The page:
A Lot or a Little?
What you will—and won't—find in this book.
Lots of good information about the history and legacy of policies and ideas that have contributed to structural racism. Keywords are defined and explained throughout the text. Highlights individual artists and activists in the struggle for civil rights and social justice. An appendix includes an annotated guide to further reading and other resources for young readers.
We can only make progress if, as the author says, "we continue to grapple earnestly and openly with our past."
Positive Role Models
Highlights many inspiring stories of activism and advocacy, as well as uplifting profiles of artists and entertainers who have shaped our world and contributed in diverse ways to the Black freedom struggle, including author Toni Morrison, musician Jon Batiste, and actor Chadwick Boseman and activists Fannie Lou Hamer, Bayard Rustin, and John Lewis.
Each chapter begins with a story of a Black artist or entertainer, and the book is filled with examples of Black freedom fighters and allies from diverse backgrounds. And it notes the harmful impact of stereotypical representations of Black people in media. Importantly, the author frequently cites Black scholars and highlights their work in a detailed annotated bibliography at the end of the book.
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Violence & Scariness
Some brief but harrowing descriptions of lynchings, police violence, and other forms of racial and sexual violence during slavery, mentioning, "Women were routinely raped by the masters of plantations."
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Parents Need to Know
Parents need to Know that The Legacy of Jim Crow is a wide-ranging introduction to the history and persistence of structural racism -- and the activists and artists who have fought to dismantle it. Designed for middle grade readers, the book serves as a jumping off point for tweens to learn more about the United States' troubled past and the endurance of discriminatory policies and ideas in today's economy, culture, and criminal justice system. As the author explains in a content warning, some of the information in the book is "disturbing, detailing different types of trauma that generations of people have endured." There are reference to lynchings, police violence, and other racial and sexual violence: It mentions that during slavery, "Women were routinely raped by the masters of plantations." But the overall goal is to inspire kids to confront injustice and celebrate those who have sacrificed to build a more just future.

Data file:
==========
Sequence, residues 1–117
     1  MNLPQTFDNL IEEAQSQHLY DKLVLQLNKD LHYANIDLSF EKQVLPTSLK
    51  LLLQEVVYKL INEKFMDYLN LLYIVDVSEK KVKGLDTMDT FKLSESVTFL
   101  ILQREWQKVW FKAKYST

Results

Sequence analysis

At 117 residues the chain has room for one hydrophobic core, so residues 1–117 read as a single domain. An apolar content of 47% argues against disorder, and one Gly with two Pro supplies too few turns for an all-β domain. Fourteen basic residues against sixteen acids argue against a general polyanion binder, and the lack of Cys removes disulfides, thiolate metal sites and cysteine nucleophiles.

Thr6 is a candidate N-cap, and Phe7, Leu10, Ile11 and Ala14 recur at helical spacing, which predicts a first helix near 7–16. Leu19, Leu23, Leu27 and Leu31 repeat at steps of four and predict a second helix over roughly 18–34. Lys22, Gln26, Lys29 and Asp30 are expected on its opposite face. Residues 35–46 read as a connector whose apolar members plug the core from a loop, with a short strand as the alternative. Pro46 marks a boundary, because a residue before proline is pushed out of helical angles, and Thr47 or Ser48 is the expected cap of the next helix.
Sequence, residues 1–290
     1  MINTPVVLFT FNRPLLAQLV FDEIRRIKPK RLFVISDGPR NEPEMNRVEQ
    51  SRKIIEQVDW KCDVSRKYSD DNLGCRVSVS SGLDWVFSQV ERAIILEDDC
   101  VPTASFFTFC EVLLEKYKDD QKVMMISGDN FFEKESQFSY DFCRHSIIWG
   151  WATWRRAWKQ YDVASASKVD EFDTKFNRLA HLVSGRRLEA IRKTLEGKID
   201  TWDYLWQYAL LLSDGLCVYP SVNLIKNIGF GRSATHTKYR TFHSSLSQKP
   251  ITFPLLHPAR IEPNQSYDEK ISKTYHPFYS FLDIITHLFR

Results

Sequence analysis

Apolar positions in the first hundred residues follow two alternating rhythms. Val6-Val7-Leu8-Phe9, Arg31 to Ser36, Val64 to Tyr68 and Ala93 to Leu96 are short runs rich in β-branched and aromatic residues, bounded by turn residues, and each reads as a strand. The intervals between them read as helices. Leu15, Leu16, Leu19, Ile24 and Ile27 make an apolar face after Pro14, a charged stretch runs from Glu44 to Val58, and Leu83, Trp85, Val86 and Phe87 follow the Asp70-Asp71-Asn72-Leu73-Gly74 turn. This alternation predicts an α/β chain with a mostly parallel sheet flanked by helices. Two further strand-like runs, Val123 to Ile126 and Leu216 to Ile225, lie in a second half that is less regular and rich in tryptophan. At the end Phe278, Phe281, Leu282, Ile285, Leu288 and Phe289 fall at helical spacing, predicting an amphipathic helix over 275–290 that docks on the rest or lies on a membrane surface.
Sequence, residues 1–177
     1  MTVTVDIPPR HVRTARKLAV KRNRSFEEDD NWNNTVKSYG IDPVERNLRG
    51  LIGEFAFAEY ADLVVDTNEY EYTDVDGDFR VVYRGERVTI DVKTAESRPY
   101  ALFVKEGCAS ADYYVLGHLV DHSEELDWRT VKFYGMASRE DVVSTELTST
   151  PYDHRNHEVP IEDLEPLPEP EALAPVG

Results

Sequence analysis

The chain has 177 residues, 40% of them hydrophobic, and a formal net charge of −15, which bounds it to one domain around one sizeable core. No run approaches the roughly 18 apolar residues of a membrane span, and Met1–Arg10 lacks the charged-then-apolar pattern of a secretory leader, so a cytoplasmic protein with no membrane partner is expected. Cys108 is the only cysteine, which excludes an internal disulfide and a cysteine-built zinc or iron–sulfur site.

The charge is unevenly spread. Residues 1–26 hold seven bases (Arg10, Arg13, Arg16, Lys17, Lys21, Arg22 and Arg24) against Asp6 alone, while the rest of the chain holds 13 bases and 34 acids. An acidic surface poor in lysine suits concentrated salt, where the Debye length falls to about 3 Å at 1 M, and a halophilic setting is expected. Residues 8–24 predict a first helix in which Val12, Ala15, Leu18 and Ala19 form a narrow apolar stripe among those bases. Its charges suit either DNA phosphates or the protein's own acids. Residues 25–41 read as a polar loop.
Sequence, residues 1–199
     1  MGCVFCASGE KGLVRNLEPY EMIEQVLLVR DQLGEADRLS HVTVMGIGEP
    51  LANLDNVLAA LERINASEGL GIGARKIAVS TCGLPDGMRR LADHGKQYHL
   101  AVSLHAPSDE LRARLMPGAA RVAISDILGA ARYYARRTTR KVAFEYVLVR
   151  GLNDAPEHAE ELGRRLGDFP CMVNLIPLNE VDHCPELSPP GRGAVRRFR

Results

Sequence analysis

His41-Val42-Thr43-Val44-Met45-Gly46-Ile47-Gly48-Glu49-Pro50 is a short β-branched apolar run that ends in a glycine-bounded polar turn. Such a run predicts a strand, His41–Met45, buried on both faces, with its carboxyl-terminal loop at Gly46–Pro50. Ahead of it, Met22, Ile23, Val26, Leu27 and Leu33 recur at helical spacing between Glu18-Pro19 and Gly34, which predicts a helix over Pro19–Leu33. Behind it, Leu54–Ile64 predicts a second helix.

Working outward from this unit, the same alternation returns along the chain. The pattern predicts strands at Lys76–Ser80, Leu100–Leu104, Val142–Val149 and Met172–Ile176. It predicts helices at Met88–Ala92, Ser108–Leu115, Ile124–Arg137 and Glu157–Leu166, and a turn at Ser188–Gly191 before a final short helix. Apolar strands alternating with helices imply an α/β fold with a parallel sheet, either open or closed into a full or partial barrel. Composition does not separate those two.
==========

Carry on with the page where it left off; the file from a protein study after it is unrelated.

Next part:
Is It Any Good?
As a compelling introduction to the concept of systemic racism and the painful history of racial oppression, this book succeeds with flying colors. Middle grade readers have likely heard about the history of slavery and Jim Crow in school, at home, and in other forms of media, but they may not have been exposed to the very real connections between past injustices and present inequities. Author Clarence A. Haynes does a good job of pairing the darker tragedies of this history with more uplifting profiles of Black creatives and civil rights leaders, offering students a model for how to grapple with tough issues without losing hope.
The broad range of topics the author tries to cover means that some of the details and nuances of complicated policies and events get lost or muddled, but The Legacy of Jim Crow includes good recommendations for further reading for interested students. Parents, students, and teachers shouldn't expect a detailed historical account of the Jim Crow era, but they can expect an honest, insightful, and intellectually stimulating overview of how the history of slavery and racial oppression, as Haynes says, "shaped the United States to this day."
Did we miss something on diversity?
Research shows a connection between kids' healthy self-esteem and positive portrayals in media. That's why we've added a new "Diverse Representations" section to our reviews that will be rolling out on an ongoing basis. You can help us help kids by suggesting a diversity update.